|Written by Christian Dennie|
|Friday, 10 March 2017 22:27|
Peter Deppe (hereinafter “Plaintiff”) filed suit against the National Collegiate Athletic Association (hereinafter “NCAA” or “Defendant”) under Section 1 of the Sherman. The suit was filed on March 8, 2016 in the United States District Court, Southern District of Indiana, Indianapolis Division (“Court”). Recently, the NCAA moved for dismissal in accordance with Rule 12 and to strike certain pleadings. The Court granted the request in part and denied in part.
The facts as presented in the Class Action Compliant (hereinafter “Complaint”) are as follows. Plaintiff was a punter who was recruited by several Division I FBS institutions. Plaintiff was offered scholarships by some institutions and was invited as a walk-on by others. He decided to enroll at the Northern Illinois University (“NIU”). During his freshman year he was red-shirted and expected to receive a scholarship in following years based on assertions of a then NIU assistant football coach. According to the Complaint, NIU recruited another punter and Plaintiff realized he was unlikely to receive adequate playing time. As a result, he looked into the possibility of transferring to another institution. Plaintiff came in contact with the football coaching staff at the University of Iowa (“Iowa”). According to the Complaint, Iowa invited the Plaintiff to walk-on to the football team as long as he would be immediately eligible to compete. Per NCAA rules pertaining to football transfers, Plaintiff would not be immediately eligible to compete without a waiver of NCAA rules. Because Plaintiff was not immediately eligible to compete, Iowa located another punter and, thus, there was not room for Plaintiff on the Iowa football team. Plaintiff attempted to seek a waiver from the NCAA, but did so without the support of a member institution. Accordingly, the NCAA indicated it could not grant waiver without the waiver being presented by a member institution.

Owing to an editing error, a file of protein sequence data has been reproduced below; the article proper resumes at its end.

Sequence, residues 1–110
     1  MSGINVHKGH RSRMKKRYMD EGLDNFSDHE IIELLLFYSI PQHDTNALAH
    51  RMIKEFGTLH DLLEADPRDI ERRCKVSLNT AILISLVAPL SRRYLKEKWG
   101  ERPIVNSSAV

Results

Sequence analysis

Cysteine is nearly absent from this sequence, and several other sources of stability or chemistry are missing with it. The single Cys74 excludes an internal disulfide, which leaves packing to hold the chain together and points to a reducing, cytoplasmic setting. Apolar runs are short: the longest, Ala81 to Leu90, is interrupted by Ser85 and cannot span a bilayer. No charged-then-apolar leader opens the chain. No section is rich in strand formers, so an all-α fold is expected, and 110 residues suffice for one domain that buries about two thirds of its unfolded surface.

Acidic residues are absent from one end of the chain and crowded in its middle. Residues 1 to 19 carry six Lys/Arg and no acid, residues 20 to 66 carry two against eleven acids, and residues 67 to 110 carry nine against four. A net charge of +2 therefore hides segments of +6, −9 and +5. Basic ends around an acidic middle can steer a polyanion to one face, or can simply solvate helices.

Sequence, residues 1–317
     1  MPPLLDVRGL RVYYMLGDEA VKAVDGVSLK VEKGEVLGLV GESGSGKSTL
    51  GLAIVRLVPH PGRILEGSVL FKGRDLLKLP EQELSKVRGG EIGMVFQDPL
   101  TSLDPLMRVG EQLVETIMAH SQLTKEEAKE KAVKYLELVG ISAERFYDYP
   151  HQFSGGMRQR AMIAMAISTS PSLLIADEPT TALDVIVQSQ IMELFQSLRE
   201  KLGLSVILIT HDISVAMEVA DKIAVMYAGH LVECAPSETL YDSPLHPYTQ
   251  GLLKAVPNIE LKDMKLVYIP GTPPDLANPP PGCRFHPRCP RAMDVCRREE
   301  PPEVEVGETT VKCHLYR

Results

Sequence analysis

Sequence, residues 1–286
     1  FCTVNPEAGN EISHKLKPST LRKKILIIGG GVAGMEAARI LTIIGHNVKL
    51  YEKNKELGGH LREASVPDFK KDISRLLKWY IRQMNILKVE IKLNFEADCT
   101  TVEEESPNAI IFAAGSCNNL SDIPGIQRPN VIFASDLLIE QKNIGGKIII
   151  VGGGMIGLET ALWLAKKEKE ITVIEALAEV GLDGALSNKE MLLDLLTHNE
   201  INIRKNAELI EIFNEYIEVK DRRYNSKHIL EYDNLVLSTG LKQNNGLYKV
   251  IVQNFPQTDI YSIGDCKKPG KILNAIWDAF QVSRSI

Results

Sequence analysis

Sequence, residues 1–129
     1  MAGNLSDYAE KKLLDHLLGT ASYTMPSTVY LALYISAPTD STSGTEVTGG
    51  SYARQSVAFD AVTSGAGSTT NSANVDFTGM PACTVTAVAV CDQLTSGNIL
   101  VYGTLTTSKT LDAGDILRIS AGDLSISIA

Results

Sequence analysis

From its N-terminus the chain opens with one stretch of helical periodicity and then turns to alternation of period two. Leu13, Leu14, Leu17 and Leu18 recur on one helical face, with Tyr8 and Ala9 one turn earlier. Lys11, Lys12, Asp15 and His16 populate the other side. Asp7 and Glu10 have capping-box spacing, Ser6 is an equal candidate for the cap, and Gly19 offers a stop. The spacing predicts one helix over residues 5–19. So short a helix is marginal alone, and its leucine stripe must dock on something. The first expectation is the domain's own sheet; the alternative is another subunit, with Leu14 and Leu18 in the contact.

Motion to Dismiss Antitrust Claims
The Court noted that the claims set forth by the Plaintiff are identical to claims set forth in Pugh v. NCAA and the parties agreed there is no legal distinction between the two cases. The Court relied on dicta from NCAA v. Board of Regents by stating “most of the regulatory controls of the NCAA are justifiable means of fostering competition among amateur athletic teams and therefore procompetitive because they enhance public interest in intercollegiate activities.” The Plaintiff challenges the “year-in-residence” bylaw set forth in Article 14 of the NCAA Division I Manual, which directly relates to eligibility. The Court concluded, as it did in Pugh, that “eligibility bylaws such as this one are presumptively procompetitive and do not violate the Sherman Act.” Accordingly, the Court dismissed this allegation with prejudice.
Motion to Dismiss Injunctive Relief
The Plaintiff’s complaint requested equitable relief “requiring NCAA member institutions to offer multi-year Division I football scholarships to remedy their past wrongful conduct, and enjoining Defendant from artificially reducing the total supply of scholarships….” The NCAA argued the Plaintiff did not met his burden to establish that he had standing to raise a claim for injunctive relief, because he did not establish that he is currently subject to the challenged NCAA rules or that he will be subject to them in the future. The Complaint made no mention or allegation that Plaintiff is currently enrolled in an NCAA Division I institution and, further, contains no allegation regarding whether he is attempting to or is interested in playing football at an NCAA Division I institution. Therefore, dismissal of the Plaintiff’s injunctive relief claims was required because the Court lacked subject matter jurisdiction over the dispute. However, the Court dismissed his claims without prejudice and, thus, gives the Plaintiff the opportunity to amend his pleadings.
Motion to Strike Class Allegations
The NCAA argued the Transfer Core Issues Class allegations are needlessly confusing and will complicate the case moving forward and, therefore, the NCAA will suffer prejudice if the Plaintiff seeks to expand the scope of discovery based on irrelevant class allegations. The Court noted motions to strike are generally disfavored in the law. Accordingly, the Court denied the NCAA’s motion to strike by indicating that an amended complaint and the possibility of eliminating potential prejudice through case management or agreement in regards to discovery will likely resolve the issues presented by the NCAA.